March 24, 2015
French paper Le Parisien didn’t mince words in the headline: “La chasse au cash est lancee”. Basically ‘hunting season on cash is launched’.
Under the auspices of fighting terrorism, France’s Minister of Finance, Monsieur Michel Sapin, has rolled out a series of eight new restrictions aimed specifically at minimizing the use of cash.
Among the new restrictions is a prohibition of making more than 1,000 euros in cash payments (down from 3,000 before).
Large cash withdrawls exceeding 10,000 euros per month will also now be monitored and reported to the French authorities.
Foreign exchange offices will now be required to obtain a copy of someone’s ID to exchange more than 1,000 euros.
There are several more beyond this. And, just for good measure, they threw in a few controls that aren’t even related to cash.
Most importantly, moving and transporting GOLD through France, even through a professional freight service, must now be declared and reported to French customs.
It’s pretty obvious what’s happening here.
Yes, of course they’re saying that they’re doing this in order to combat terrorism… because only terrorists use cash apparently.
But that’s total BS. These restrictions are capital controls, plain and simple. And they’re designed for one single purpose: to keep people’s savings trapped in the banking system.
Interest rates in most of Europe are negative… and likely becoming even MORE negative.
Many banks across Europe have already dropped their deposit rates into negative territory as well… meaning that customers must now PAY for the privilege of loaning their hard earned savings to a poorly capitalized bank.
It’s obscene. And no one in his/her right mind is going to put up with this for too long.
After all, what’s the point of paying a banker NEGATIVE 0.25% if you can simply withdraw all of your savings in cash and hold it in a safety deposit box?
And as interest rates become even more negative, more and more people will realize that they’re much better off holding physical cash instead of paying their banker.
Problem is, if even a tiny fraction of bank customers tried to withdraw all of their savings, it would bring down the entire banking system.
Banks simply do not have the money. They don’t have OUR money.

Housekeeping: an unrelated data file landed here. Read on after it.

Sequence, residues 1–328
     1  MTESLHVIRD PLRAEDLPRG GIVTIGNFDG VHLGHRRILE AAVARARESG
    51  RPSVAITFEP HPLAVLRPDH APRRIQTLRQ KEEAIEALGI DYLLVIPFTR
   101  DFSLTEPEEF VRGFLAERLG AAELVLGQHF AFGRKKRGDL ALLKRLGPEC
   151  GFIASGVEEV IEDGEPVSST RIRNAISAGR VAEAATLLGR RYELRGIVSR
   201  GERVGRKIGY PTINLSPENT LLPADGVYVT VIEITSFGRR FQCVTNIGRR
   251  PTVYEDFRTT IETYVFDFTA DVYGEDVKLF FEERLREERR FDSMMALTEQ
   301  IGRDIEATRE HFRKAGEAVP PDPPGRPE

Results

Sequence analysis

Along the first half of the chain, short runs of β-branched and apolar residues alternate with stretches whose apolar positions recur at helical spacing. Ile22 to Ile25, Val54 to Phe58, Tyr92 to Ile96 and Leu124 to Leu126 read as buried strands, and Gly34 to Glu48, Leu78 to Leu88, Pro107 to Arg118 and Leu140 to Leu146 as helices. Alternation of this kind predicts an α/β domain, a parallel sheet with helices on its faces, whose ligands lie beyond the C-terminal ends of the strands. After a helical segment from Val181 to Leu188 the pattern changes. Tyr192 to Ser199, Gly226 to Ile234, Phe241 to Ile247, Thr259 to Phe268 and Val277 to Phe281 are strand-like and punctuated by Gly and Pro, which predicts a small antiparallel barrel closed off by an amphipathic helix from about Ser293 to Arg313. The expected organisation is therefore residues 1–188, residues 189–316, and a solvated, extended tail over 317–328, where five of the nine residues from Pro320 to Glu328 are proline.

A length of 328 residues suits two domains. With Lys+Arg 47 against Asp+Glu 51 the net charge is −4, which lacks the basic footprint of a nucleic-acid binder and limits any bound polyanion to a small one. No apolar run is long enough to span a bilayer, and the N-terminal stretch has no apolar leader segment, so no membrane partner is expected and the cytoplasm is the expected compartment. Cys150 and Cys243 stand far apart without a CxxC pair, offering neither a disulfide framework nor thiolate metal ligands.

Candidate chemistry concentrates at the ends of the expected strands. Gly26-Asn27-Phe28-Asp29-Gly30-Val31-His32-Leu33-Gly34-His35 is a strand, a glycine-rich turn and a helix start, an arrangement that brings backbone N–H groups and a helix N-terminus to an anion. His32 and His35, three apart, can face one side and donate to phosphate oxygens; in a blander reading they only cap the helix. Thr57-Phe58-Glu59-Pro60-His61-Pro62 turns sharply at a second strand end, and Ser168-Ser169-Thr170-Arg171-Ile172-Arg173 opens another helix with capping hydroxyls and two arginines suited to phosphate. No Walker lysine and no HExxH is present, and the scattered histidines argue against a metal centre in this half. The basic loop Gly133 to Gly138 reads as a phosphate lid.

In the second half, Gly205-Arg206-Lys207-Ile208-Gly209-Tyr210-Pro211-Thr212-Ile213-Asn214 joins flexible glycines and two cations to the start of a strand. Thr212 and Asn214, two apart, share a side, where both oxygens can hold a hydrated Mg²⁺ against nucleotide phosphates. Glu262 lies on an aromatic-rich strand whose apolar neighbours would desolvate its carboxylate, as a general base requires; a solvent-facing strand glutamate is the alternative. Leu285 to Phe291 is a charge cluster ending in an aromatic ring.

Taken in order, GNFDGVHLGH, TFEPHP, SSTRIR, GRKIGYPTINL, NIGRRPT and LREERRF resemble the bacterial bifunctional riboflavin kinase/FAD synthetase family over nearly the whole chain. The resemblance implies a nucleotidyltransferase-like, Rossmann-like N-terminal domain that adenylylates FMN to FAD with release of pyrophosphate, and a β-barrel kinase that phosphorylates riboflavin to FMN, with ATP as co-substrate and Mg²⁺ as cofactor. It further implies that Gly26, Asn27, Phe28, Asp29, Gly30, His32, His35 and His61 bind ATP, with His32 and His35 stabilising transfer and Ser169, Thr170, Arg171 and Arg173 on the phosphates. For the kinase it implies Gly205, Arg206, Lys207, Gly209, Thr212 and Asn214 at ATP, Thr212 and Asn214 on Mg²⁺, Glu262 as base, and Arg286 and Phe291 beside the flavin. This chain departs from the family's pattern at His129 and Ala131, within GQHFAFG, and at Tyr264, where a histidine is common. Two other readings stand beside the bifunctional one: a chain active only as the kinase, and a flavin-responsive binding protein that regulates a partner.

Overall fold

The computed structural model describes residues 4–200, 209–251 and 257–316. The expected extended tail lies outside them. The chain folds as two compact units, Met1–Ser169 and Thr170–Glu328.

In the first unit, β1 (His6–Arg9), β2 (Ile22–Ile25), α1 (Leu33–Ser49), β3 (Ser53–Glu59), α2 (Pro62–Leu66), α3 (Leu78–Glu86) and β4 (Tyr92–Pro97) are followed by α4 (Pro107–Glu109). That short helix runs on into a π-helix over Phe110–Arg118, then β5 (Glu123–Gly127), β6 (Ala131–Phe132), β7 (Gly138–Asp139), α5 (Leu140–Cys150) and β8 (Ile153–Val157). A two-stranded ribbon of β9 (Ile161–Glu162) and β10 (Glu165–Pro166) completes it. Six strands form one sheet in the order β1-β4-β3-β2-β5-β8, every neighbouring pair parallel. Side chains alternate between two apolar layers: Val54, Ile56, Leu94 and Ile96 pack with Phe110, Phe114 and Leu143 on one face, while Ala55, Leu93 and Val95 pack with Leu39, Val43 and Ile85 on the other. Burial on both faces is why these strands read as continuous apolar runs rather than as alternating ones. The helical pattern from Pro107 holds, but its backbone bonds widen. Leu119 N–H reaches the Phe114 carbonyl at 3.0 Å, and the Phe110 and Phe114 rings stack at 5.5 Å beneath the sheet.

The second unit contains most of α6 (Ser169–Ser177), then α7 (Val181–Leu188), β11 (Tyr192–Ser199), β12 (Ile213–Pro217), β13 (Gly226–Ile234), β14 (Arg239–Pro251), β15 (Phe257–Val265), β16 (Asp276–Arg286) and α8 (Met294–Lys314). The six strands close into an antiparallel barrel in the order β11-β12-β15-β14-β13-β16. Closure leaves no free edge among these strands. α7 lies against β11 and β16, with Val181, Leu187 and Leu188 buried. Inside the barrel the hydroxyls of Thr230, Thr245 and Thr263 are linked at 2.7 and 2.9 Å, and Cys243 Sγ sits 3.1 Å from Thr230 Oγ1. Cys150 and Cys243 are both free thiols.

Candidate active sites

The most basic principle of modern banking is for banks to take in money from depositors and gamble away upwards of 97% of it… whether making risky loans based on the latest investment fad, or buying the bonds of bankrupt governments.
They hold a very small portion of our savings in reserve. Everything else is gone.
This means that if customers actually… you know… wanted their own money back, it would cause a giant bank run.
Banks would have to start liqudating assets in panic sales trying to raise enough money to pay back their depositors. And many would fail in the process.
And if the last several years of their ‘no banker left behind’ policies is any indicator, governments will do anything they have to do to keep banks from failing.
Hence the capital controls.
Their aim is to close every door possible… to eliminate every alternative that people have to hold savings outside of the banking system.
If you want to save your money in a bank at negative interest rates, no problem.
If you want to buy stocks and bonds (again, bankers and governments profit), no problem.
BUT… if you want to hold cash (ironically—’legal tender’), they want to make it illegal.
And if you want to own gold, they’re imposing all sorts of reporting requirements.
These are not the policies of governments with strong financial positions and stable banks. These are the policies of bankrupt governments and illiquid banking systems.
It’s happening. And as Western nations continue to go broke, it’s going to keep happening… the controls are only going to get worse. It’s time to do something about it.
If you live in a bankrupt country, definitely consider moving at least a portion of your savings abroad to a low-debt country that has a strong, liquid banking system.
There are plenty out there, especially in the Asia-Pacific region (like Hong Kong, New Zealand, etc.)
You may also want to consider digital currencies as well.
If you have misgivings about this, remember that ALL currencies are digitial. The dollar, euro, pound, etc. are all basically digital. (That’s why banks don’t have any physical cash on hand).
The primary difference is that crypto-currencies are entirely decentralized… making it very easy to cross international borders with literally millions of dollars encrypted in a string of characters that you can store on your mobile phone.
Precious metals are also great alternatives to the banking system; think about storing gold abroad in an ultra-safe country like Singapore where your wealth can be free of government confiscation and capital controls.